“I’m so proud of the film we made with The Black Demon,” says Latinx filmmaker Adrian Grünberg. “Every generation has a great creature feature—some are lucky enough to have a few. The best of these films make us jump and scream and sometimes cry, but beyond that, the creatures are stand-ins for something larger than entertainment and larger than ourselves as filmgoers and filmmakers.”
With The Black Demon we set out to tell a story about a family coming together to survive an
existential threat. But more than that, it is a movie about how we’ve mistreated the earth and put ourselves in this very predicament—we’ve made our bed, and now we must lie in it,” says Grünberg, who directed the film from a screenplay crafted by Boise Esquerra.
“The titular creature is not a hellbent, unkind predator, but rather a physical embodiment of retribution. The Black Demon is an emissary acting on behalf of Tlaloc (the Aztec god of rain and fertility) to reclaim an ocean that was laid to waste by human greed and desire. At the core of this film is this very tension of who is right and who is wrong; who are the real monsters of our time?”
The menacing force of the Megalodon
“Our demon takes the form of a Megalodon, a terrifying, giant shark that lived millions of years ago, and some legends say it still lurks in our oceans today,” Grünberg.
El Demonio Negro, also known as the Black Demon, is a figure from folklore and legend in Latin America. The Demonio Negro remains an enduring symbol of mystery and terror in Latin American folklore. It’s
dark presence continues to fascinate and frighten people to this day.
In Latino folklore, Tlaloc is a deity from the Aztec religion who was worshiped as the god of rain, thunder, and agriculture. He was believed to be responsible for providing the essential rains that were needed to nourish crops and sustain life.
In Aztec mythology, Tlaloc was considered one of the most important gods, and his worship was widespread throughout Mesoamerica. He was often associated with the rainy season and was believed
to control the cycles of drought and rainfall.
As well as his role as a provider of rain and agriculture, Tlaloc was also associated with death and the underworld. It was believed that he could bring both life and death, and that he had the power to control
the fate of humans. In The Black Demon, the Tlaloc fiercely defends the natural bounty of the earth.
“Many Latinos in the United States live in areas that are vulnerable to the impacts of climate change, such as coastal regions and low-lying areas that are prone to flooding and storms. This makes them particularly vulnerable to the consequences of climate change.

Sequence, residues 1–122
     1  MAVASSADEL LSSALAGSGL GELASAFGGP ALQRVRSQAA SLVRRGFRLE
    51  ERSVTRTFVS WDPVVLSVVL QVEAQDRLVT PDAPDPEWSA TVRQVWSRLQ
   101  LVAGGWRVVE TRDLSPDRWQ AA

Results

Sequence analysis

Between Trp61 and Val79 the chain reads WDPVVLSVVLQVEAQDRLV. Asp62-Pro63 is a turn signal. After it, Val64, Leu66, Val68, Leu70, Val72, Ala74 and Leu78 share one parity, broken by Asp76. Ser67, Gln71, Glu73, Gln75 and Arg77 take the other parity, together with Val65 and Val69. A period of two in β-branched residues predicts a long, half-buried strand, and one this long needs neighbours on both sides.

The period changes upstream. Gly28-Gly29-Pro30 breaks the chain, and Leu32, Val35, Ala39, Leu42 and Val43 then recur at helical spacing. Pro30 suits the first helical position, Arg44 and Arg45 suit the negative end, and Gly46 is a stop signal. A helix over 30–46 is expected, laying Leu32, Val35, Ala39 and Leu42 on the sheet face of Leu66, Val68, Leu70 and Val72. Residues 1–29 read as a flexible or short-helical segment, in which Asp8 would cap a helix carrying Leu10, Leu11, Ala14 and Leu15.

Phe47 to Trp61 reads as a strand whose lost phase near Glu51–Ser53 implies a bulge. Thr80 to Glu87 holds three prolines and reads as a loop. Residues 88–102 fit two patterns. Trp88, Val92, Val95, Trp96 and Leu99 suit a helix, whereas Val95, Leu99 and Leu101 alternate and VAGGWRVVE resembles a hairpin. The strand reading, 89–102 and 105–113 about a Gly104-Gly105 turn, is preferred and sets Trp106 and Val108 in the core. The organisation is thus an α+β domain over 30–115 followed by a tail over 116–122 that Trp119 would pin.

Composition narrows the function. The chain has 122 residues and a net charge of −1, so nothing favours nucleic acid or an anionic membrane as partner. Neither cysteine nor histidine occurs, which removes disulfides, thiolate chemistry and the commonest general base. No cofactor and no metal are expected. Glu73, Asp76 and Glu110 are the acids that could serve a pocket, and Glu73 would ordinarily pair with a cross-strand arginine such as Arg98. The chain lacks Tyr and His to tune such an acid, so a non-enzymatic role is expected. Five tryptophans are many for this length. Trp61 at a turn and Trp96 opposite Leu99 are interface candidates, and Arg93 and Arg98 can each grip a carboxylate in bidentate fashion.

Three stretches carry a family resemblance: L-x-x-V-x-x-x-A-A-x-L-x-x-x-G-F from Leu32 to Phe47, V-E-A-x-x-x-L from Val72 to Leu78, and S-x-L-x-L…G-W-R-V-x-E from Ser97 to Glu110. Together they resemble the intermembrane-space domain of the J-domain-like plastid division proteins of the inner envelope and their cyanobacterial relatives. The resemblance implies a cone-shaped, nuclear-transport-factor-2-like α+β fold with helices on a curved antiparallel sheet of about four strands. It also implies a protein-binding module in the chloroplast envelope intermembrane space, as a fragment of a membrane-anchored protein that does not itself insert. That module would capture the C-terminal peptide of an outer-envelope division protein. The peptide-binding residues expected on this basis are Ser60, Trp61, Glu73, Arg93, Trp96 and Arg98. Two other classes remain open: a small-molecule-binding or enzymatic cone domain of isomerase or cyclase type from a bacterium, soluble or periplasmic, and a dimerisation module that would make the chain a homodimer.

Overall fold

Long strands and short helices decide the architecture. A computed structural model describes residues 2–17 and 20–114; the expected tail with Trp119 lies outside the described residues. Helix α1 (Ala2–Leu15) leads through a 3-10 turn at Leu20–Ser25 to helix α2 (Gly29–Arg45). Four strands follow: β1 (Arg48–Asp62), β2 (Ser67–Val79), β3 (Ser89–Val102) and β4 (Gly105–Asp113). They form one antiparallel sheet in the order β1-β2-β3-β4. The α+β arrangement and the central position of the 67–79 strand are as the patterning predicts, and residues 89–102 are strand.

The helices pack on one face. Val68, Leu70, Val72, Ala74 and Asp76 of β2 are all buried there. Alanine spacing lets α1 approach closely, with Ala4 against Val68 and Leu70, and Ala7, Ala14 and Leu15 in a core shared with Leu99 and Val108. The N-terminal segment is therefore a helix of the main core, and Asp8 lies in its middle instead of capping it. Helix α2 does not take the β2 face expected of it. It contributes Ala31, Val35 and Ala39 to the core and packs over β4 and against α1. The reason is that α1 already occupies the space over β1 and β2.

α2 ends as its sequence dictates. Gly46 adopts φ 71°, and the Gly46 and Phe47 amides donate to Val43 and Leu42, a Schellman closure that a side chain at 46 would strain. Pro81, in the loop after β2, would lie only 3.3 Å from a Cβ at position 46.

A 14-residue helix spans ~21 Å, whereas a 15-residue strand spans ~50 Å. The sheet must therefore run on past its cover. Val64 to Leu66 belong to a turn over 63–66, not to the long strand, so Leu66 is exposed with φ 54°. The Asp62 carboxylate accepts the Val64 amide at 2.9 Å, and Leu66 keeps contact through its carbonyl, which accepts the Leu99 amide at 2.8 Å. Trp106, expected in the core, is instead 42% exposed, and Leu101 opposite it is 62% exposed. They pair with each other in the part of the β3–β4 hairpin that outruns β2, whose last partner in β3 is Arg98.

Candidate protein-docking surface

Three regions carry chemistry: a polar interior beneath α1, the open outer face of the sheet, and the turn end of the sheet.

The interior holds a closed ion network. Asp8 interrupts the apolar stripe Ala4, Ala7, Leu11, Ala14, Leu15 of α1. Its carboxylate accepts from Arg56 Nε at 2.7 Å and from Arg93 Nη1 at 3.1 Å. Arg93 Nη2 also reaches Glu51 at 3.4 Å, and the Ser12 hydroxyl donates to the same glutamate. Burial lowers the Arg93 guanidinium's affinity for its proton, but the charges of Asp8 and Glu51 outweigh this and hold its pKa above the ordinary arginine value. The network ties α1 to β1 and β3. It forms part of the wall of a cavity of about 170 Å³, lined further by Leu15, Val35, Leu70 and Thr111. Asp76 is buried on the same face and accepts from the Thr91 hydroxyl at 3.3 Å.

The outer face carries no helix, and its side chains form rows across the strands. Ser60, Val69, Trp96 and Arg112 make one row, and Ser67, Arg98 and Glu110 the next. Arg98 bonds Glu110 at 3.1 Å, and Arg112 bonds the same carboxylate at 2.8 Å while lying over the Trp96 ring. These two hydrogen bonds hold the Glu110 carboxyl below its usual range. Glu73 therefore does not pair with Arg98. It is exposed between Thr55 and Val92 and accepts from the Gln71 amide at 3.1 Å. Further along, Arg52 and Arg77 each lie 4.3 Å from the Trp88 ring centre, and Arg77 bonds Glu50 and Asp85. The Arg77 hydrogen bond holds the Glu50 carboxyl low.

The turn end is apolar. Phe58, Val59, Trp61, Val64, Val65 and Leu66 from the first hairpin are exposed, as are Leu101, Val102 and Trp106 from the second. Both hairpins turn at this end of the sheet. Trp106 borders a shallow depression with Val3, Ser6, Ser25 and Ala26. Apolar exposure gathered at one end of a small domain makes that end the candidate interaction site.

Moreover, Latinos have a strong cultural connection to the natural environment and are often more attuned to changes in the climate and the impacts they have on their communities. Many Latinos come
from countries and regions that have already experienced the effects of climate change, such as droughts, hurricanes, and other natural disasters, and are therefore more aware of the need to address climate change.
There is also a growing movement within the Latino community to address climate change and environmental justice issues. Latino environmental organizations and activists are working to raise
awareness about climate change and its impacts on their communities, and to advocate for policies
and practices that promote sustainability and environmental justice. The Black Demon hopes to add
their voice to growing movements, and inspire audiences to consider the positive impacts they can
make to curb the effects of climate change.”
The Black Demon Paul’s (Josh Lucas) idyllic family vacation turns into a nightmare when they encounter a ferocious megalodon shark that will stop at nothing to protect its territory. Stranded and under constant attack, Paul and his family must somehow find a way to get his family back to shore alive before it strikes again in this epic battle between humans and nature. The primeval species of shark that represents the overwhelming power of nature. Paul is ultimately unable to outsmart the megalodon. His fate underscores the theme of man’s vulnerability in the face of nature’s power.
Adrian Grünberg is a Latinx screenwriter and director who has worked on more than 25 feature films and television projects both internationally as well as in his adoptive country of México. He attended film school at the School of Visual Arts in New York City and would later make the move to Mexico City where he continued to grow his career. He got his start in the business by working as a first Assistant Director in highly acclaimed movies alongside such notable directors including John Sayles on Men With Guns, Julie Taymor on Frida, Peter Weir’s Master And Commander: The Far Side Of The World, Tony Scott for Man On Fire, Mel Gibson’s Apocalypto, Jim Jarmusch’s The Limits Of Control, and Oliver Stone’s Wall Street: Money Never Sleeps. In television he has worked in close collaboration on the shows Narcos, Narcos: Mexico, and the Wachowski’s Sense8. But it was his close creative relationship alongside Mel Gibson which marked the dawn of his directorial career. He co-wrote Get The Gringo with Gibson and longtime partner, Stacy Perskie, which he then went on to direct with Gibson starring in the lead. Since then, he has directed on the Netflix television series, Narcos, Narcos: Mexico, Luis Miguel and in Gael Garcia Bernal’s Aqui En La Tierra (Here on Earth), for which he was nominated as best series at the 2018 Cannes Film Festival. He also directed the latest instalment of the Rambo franchise, Rambo: Last Blood.